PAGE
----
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Digital Wizardry: The Afterlives of the Offstage

Pascale Aebischer

Pages 221 - 241



This publication is distributed under the terms of the Creative Commons License Attribution - NonCommercial - NoDerivatives 4.0.

This essay considers how the offstage, which in early modern dramaturgy is often associated with shapeshifting, obscene, strange, and disturbing acts that threaten to pull the focus away from dominant plotlines and ideological structures, has been re-imagined in made-for-digital productions of early modern drama since 2020. It focuses on Macbeth, directed for Big Telly by Zoë Seaton in 2020, and The Witch of Edmonton, directed for Creation Theatre by Laura Wright in 2022. Both deploy the obscene dramaturgies of the offstage to draw attention to the real-life experiences of the women the plays associate with demonic forces, highlighting their domestic oppression and exposure to violence (in Macbeth) and their historical persecution for suspected witchcraft (in The Witch of Edmonton). Digital theatre thus creates an afterlife for the offstage that thrives on the tension between what is included in the fictional frame and the traumatic lived experiences that lie just beyond it.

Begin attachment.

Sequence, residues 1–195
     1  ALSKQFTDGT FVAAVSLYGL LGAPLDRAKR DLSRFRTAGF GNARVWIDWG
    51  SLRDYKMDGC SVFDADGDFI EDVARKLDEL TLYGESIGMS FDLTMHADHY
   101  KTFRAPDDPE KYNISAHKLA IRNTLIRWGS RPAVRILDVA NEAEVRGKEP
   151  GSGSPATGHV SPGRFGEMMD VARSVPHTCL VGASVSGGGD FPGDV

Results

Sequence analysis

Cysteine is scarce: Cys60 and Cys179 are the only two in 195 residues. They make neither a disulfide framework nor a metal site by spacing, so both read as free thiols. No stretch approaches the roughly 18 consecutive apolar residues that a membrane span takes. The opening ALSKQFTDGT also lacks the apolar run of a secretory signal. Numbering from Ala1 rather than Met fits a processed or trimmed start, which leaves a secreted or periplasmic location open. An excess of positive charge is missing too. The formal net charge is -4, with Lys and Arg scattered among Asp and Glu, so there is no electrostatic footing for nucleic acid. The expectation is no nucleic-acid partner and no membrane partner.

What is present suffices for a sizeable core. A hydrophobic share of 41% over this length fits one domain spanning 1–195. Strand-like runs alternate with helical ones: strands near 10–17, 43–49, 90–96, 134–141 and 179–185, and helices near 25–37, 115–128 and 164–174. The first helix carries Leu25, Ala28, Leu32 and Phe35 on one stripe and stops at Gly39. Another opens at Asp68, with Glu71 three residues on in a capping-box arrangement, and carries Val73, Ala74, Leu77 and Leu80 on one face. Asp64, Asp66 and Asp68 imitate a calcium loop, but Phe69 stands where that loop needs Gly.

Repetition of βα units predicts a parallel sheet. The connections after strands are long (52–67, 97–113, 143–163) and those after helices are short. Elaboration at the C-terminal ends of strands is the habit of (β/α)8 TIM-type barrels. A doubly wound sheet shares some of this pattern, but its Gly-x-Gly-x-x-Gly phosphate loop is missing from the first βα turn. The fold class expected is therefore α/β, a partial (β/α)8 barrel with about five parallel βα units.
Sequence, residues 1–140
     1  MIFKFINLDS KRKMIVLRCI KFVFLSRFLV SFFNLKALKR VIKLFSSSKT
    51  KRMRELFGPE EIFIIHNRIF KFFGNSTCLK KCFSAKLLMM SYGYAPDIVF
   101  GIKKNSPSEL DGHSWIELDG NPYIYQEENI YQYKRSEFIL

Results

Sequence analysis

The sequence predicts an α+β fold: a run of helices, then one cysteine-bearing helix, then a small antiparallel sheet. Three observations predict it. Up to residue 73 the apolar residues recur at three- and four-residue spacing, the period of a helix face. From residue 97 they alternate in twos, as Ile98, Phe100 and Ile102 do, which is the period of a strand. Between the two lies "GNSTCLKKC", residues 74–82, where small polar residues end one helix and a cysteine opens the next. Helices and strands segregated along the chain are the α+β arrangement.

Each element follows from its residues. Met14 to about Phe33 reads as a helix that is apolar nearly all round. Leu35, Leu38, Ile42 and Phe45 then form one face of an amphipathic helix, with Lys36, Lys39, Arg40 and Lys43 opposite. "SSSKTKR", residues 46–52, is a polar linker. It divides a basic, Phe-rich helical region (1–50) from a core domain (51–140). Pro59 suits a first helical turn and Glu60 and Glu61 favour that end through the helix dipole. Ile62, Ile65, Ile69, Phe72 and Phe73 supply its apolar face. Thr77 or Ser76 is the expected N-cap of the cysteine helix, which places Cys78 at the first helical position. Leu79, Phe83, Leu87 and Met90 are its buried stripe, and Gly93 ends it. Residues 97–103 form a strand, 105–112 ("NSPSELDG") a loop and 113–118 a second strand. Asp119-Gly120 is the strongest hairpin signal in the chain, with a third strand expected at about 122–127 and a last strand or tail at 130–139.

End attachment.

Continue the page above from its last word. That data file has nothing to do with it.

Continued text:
Keywords: Digital theatre, Creation Theatre, Big Telly, Macbeth, Witch of Edmonton, virtual theatre


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